On Wed, Jul 13, 2011 at 11:39:47PM +0200, Jan Kara wrote:
> On Wed 13-07-11 15:31:27, Mel Gorman wrote:
> > It is preferable that no dirty pages are dispatched from the page
> > reclaim path. If reclaim is encountering dirty pages, it implies that
> > either reclaim is getting ahead of writeback or use-once logic has
> > prioritise pages for reclaiming that are young relative to when the
> > inode was dirtied.
> > When dirty pages are encounted on the LRU, this patch marks the inodes
> > I_DIRTY_RECLAIM and wakes the background flusher. When the background
> > flusher runs, it moves such inodes immediately to the dispatch queue
> > regardless of inode age. There is no guarantee that pages reclaim
> > cares about will be cleaned first but the expectation is that the
> > flusher threads will clean the page quicker than if reclaim tried to
> > clean a single page.
> Hmm, I was looking through your numbers but I didn't see any significant
> difference this patch would make. Do you?
> I was thinking about the problem and actually doing IO from kswapd would be
> a small problem if we submitted more than just a single page. Just to give
> you idea - time to write a single page on plain SATA drive might be like 4
> ms. Time to write sequential 4 MB of data is like 80 ms (I just made up
> these numbers but the orders should be right).
I'm not so concerned about single drives - the numbers look far worse
when you have a high throughput filesystem. For arguments sake, lets
call that 1GB/s (even though I know of plenty of 10+GB/s XFS
filesystems out there). That gives you 4ms for a 4k IO, and 4MB of
data in 4ms seek + 4ms data transfer time, for 8ms total IO time.
> So to write 1000 times more
> data you just need like 20 times longer. That's a factor of 50 in IO
In the case I tend to care about, it's more like factor of 1000 in
IO efficiency - 3 orders of magnitude or greater difference in
> So when reclaim/kswapd submits a single page IO once every
> couple of miliseconds, your IO throughput just went close to zero...
> BTW: I just checked your numbers in fsmark test with vanilla kernel. You
> wrote like 14500 pages from reclaim in 567 seconds. That is about one page
> per 39 ms. That is going to have noticeable impact on IO throughput (not
> with XFS because it plays tricks with writing more than asked but with ext2
> or ext3 you would see it I guess).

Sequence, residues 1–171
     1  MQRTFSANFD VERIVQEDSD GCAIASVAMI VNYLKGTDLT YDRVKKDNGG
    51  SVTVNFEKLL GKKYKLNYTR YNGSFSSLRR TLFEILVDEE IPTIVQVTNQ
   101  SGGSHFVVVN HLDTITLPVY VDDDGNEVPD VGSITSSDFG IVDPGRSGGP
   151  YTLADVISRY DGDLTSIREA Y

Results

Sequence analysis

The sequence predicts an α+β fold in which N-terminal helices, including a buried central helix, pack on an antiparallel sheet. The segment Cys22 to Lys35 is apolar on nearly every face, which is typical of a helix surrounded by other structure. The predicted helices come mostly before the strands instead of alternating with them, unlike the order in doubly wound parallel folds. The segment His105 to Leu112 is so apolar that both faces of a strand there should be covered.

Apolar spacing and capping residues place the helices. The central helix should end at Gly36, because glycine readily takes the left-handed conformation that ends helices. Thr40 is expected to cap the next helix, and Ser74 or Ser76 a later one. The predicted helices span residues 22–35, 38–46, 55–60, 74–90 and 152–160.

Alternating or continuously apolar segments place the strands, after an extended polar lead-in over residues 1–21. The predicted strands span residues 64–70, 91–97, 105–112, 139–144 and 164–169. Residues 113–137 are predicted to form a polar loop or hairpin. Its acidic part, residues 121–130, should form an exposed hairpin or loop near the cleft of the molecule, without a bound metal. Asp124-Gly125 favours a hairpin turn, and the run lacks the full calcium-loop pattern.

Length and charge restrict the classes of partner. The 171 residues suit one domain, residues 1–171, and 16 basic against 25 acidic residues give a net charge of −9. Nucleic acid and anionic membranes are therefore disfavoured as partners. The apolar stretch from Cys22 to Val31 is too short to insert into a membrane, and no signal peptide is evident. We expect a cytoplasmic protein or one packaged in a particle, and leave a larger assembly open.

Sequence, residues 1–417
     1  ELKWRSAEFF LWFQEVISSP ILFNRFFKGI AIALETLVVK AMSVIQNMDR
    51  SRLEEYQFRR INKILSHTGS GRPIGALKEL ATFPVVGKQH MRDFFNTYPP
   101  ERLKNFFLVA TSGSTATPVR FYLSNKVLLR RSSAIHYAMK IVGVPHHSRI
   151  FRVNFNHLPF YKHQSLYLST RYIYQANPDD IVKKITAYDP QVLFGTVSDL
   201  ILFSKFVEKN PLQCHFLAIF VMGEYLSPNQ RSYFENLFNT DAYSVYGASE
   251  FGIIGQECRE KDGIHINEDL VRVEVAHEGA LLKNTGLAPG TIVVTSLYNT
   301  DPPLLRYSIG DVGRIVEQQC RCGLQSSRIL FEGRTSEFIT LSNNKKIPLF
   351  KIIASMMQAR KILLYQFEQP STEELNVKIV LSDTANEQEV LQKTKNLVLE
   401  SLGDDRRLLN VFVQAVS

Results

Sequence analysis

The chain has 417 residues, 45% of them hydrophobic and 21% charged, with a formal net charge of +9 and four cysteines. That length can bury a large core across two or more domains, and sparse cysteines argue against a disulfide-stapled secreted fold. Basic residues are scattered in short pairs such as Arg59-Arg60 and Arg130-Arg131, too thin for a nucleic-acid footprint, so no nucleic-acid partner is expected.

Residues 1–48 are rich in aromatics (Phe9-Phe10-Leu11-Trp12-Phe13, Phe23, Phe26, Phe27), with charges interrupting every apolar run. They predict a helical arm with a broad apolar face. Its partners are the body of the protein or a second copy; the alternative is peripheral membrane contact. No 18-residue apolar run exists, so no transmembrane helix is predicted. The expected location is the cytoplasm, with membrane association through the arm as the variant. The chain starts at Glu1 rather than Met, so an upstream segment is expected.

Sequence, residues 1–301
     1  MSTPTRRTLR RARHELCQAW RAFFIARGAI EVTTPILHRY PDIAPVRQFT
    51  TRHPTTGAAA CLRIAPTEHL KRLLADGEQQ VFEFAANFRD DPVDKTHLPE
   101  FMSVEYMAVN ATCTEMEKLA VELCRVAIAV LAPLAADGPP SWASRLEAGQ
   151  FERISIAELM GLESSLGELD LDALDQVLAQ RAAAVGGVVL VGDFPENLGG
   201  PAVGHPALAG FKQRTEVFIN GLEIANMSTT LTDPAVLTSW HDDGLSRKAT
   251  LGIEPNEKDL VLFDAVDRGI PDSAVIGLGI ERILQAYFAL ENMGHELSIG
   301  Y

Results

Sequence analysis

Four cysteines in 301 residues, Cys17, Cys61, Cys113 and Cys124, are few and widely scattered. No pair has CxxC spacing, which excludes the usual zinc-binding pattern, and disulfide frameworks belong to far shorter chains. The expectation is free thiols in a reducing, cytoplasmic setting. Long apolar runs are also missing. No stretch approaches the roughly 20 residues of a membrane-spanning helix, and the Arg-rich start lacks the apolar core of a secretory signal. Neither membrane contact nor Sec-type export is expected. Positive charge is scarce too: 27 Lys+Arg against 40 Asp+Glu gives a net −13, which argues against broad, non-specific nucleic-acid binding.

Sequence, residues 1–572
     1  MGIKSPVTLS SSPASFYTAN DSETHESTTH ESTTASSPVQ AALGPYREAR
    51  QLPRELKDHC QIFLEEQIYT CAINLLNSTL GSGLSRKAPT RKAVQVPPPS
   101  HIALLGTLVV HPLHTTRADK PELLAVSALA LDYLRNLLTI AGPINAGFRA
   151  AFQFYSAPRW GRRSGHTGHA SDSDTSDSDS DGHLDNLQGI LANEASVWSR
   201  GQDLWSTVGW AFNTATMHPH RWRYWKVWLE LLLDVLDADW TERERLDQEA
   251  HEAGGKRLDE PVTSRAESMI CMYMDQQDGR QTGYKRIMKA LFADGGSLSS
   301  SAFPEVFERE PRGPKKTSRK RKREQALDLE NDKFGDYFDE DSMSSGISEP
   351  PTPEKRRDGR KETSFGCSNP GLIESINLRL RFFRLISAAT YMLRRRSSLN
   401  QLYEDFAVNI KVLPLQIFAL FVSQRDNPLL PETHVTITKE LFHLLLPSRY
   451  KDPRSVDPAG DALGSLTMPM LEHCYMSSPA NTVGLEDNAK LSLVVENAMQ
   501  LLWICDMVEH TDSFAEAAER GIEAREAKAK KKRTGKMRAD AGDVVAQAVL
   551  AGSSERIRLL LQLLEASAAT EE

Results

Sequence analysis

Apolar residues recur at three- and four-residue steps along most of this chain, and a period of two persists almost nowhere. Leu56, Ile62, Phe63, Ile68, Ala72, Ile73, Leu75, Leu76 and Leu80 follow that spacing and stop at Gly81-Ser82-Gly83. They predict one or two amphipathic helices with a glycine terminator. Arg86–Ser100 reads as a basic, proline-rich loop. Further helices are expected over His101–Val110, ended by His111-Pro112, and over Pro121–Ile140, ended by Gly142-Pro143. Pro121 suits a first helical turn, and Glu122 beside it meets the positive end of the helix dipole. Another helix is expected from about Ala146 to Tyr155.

> So when kswapd sees high percentage of dirty pages at the end of LRU, it
> could call something like fdatawrite_range() for the range of 4 MB
> (provided the file is large enough) containing that page and IO thoughput
> would not be hit that much and you will get reasonably bounded time when
> the page gets cleaned... If you wanted to be clever, you could possibly be
> more sophisticated in picking the file and range to write so that you get
> rid of the most pages at the end of LRU but I'm not sure it's worth the CPU
> cycles. Does this sound reasonable to you?
That's what Wu's patch did - it pushed it off to the bdi-flusher
because you can't call iput() in memory reclaim context and you need
a reference to the inode before calling fdatawrite_range().
As I mentioned for that patch, writing 4MB instead of a single page
will cause different problems - after just 25 dirty pages, we've
queued 100MB of IO and on a typical desktop system that will take at
least a second to complete. Now we get the opposite problem of IO
latency to clean a specific page and the potential to stall normal
background expired inode writeback forever if we keep hitting dirty
pages during page reclaim.
It's just yet another reason I'd really like to see numbers showing
that not doing IO from memory reclaim causes problems in the cases
where it is said to be needed (like reclaiming memory from a
specific node) and that issuing IO is the -only- solution. If numbers
can't be produced showing that we *need* to do IO from memory
reclaim, then why jump through hoops like we currently are trying to
fix all the nasty corner cases?